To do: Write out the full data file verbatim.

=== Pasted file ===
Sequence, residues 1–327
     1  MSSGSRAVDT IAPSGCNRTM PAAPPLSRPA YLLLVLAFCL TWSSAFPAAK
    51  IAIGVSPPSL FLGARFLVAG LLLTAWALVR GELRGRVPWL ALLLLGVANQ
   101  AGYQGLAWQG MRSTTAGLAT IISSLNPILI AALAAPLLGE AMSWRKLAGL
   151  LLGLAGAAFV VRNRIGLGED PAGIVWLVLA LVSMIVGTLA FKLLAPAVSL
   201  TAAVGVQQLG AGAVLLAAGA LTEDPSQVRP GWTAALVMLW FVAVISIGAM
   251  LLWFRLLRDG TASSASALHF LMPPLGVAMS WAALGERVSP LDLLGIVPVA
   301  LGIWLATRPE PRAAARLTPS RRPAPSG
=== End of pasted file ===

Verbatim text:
Sequence, residues 1–327
     1  MSSGSRAVDT IAPSGCNRTM PAAPPLSRPA YLLLVLAFCL TWSSAFPAAK
    51  IAIGVSPPSL FLGARFLVAG LLLTAWALVR GELRGRVPWL ALLLLGVANQ
   101  AGYQGLAWQG MRSTTAGLAT IISSLNPILI AALAAPLLGE AMSWRKLAGL
   151  LLGLAGAAFV VRNRIGLGED PAGIVWLVLA LVSMIVGTLA FKLLAPAVSL
   201  TAAVGVQQLG AGAVLLAAGA LTEDPSQVRP GWTAALVMLW FVAVISIGAM
   251  LLWFRLLRDG TASSASALHF LMPPLGVAMS WAALGERVSP LDLLGIVPVA
   301  LGIWLATRPE PRAAARLTPS RRPAPSG